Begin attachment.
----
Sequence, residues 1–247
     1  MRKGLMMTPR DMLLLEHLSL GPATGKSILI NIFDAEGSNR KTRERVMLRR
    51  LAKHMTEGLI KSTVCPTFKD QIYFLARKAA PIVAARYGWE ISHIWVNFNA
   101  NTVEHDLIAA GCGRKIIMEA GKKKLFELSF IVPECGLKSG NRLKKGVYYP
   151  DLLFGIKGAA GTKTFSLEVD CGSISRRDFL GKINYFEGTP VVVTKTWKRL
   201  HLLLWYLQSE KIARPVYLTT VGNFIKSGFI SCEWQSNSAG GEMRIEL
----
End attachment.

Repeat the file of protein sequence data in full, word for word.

Sequence, residues 1–247
     1  MRKGLMMTPR DMLLLEHLSL GPATGKSILI NIFDAEGSNR KTRERVMLRR
    51  LAKHMTEGLI KSTVCPTFKD QIYFLARKAA PIVAARYGWE ISHIWVNFNA
   101  NTVEHDLIAA GCGRKIIMEA GKKKLFELSF IVPECGLKSG NRLKKGVYYP
   151  DLLFGIKGAA GTKTFSLEVD CGSISRRDFL GKINYFEGTP VVVTKTWKRL
   201  HLLLWYLQSE KIARPVYLTT VGNFIKSGFI SCEWQSNSAG GEMRIEL